It’s Lonely at the Centre of the Earth explores clinical depression and suicidal thoughts in great detail. It is important to be aware of that before reading in-depth reviews or the graphic novel itself.
I had almost no context for this graphic novel when I started it. I say almost, because the way I knew of its existence at all was a glowing tweet from comic legend Chip Zdarsky that included a panel of fellow comic legend Kieron Gillen as a pigeon. That’s really all I needed to know. So it was only when I read Zoe’s disclaimer that the novel contained “discussion and depiction of suicide and self harm” that I actually became aware of what this book would be about. I went back to the cover and realized that the woman on it was not dancing but jumping into a dark hole. Or maybe both.
“It’s Lonely at the Centre of the Earth” is a self described autobiography from Zoe Thorogood, and it details her struggle with clinical depression and how that affects her art as well as her relationship with the outside world. Multiple art mediums and styles are used to create a look and feel that I honestly have not seen before. It seems impossible to try and communicate what she does so well with these storytelling methods and how it affected me in a simple review, but I was so profoundly moved by it that I felt like I had to try, if only to get at least one other person to give this a chance.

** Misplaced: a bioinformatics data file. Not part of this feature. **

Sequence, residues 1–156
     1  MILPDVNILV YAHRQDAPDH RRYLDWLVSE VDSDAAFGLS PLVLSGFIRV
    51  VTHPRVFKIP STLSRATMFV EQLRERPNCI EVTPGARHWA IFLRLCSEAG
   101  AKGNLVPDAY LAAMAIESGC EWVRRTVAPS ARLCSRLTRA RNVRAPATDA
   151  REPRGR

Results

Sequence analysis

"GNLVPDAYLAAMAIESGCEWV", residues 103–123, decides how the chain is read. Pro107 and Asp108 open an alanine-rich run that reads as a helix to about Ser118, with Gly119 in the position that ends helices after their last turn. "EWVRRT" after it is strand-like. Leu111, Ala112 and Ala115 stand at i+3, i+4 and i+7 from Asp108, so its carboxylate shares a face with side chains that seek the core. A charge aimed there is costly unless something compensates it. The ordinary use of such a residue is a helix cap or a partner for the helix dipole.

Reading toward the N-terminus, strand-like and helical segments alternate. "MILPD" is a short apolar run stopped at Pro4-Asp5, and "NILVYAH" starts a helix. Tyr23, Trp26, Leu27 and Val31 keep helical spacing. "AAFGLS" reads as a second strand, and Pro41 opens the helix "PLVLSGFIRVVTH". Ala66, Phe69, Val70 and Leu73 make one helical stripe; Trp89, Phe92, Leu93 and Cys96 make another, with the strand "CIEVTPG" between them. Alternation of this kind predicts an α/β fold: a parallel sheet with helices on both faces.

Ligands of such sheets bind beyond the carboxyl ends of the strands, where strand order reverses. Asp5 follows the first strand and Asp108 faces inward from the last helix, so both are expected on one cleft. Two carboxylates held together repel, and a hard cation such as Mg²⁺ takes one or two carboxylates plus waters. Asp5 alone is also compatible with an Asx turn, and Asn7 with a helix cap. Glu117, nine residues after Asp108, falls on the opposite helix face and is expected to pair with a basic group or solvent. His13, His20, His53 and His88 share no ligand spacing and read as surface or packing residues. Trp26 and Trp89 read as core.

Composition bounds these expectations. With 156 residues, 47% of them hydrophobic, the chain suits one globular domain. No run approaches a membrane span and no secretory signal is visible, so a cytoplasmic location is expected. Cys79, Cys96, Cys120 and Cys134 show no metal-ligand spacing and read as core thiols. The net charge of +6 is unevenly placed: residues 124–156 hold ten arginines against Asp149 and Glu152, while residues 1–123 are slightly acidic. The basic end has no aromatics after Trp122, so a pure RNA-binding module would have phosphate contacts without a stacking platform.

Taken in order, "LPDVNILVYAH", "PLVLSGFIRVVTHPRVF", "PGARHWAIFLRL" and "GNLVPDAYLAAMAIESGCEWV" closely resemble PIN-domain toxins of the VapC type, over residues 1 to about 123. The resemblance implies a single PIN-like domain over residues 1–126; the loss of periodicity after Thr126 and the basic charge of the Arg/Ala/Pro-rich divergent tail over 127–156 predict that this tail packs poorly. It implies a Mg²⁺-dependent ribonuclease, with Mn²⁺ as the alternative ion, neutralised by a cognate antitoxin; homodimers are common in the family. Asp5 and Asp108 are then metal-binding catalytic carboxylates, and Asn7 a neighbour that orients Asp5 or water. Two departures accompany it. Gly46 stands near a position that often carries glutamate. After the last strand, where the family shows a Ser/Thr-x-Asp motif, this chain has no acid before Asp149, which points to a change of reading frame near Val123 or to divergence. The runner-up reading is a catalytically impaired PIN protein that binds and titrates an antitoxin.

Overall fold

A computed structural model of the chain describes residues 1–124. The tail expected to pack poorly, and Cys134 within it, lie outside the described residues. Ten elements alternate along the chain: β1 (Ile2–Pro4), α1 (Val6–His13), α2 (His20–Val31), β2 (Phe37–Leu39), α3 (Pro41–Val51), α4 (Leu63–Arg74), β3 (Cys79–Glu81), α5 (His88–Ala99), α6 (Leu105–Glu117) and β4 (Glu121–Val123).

What’s immediately apparent in how this book is drawn and narrated is its meta quality. This isn’t “cutesy wink to the camera” meta or even the “we’re being meta about being meta” method that something like “Rick and Morty” uses. The closest comparison I can give is Bo Burnham’s 2021 comedy special, “Inside.” Both Bo and Zoe acknowledge that making a thing about making a thing can come off as pretentious and that being self-effacing about that can come off as self-pitying instead. This never-ending loop of expressing feelings, getting embarrassed about expressing feelings, and then expressing that embarrassment is something Zoe can and does argue about with herself, as the book features her in different variations and personas.
The way this story was told, with all of its different artistic tools and fourth wall breaking, sounds like it could be overwhelming, but what makes this so special is that it isn’t. Thorogood knows exactly how to use all of these pieces to tell a story that is heartbreakingly human. Love, friendship, art, loneliness, and even the questionable purpose of life is examined, and though she struggles with the word in the book itself, what could be more “relatable” than that? I’ve personally had similar thoughts as Zoe and every day take a pill to try and curb my anxiety and depression. I know that it definitely can be lonely and that the mind can seem like a vast place, echoing feelings that you don’t want to feel. I think this book will ease some of that loneliness for a lot of people, and I’m glad that towards the end, it seems to be helping the author as well. At the very least, you get to see Kieron Gillen as a pigeon.